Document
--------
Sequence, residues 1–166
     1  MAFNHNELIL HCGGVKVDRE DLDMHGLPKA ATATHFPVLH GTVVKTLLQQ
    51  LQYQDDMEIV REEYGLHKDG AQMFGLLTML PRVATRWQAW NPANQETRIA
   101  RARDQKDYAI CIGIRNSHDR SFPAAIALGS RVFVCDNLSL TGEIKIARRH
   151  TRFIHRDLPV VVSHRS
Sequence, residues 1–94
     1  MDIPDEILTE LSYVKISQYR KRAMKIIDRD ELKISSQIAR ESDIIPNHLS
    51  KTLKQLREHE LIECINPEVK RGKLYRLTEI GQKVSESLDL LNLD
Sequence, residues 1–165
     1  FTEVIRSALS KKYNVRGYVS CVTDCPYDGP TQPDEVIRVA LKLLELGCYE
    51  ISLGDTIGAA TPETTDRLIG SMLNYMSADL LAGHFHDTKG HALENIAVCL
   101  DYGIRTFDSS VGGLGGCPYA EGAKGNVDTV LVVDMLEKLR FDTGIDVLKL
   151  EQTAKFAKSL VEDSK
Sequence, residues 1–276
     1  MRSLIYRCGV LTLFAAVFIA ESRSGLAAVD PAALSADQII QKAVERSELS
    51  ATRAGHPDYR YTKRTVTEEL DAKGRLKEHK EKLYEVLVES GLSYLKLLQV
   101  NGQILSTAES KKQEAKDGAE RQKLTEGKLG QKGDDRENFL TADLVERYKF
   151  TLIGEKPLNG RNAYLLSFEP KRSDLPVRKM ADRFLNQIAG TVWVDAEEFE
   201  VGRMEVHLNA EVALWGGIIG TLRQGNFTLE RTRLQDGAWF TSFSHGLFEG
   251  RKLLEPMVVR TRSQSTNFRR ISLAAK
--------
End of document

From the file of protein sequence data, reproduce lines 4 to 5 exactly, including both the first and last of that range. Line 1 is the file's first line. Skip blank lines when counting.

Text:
   101  RARDQKDYAI CIGIRNSHDR SFPAAIALGS RVFVCDNLSL TGEIKIARRH
   151  TRFIHRDLPV VVSHRS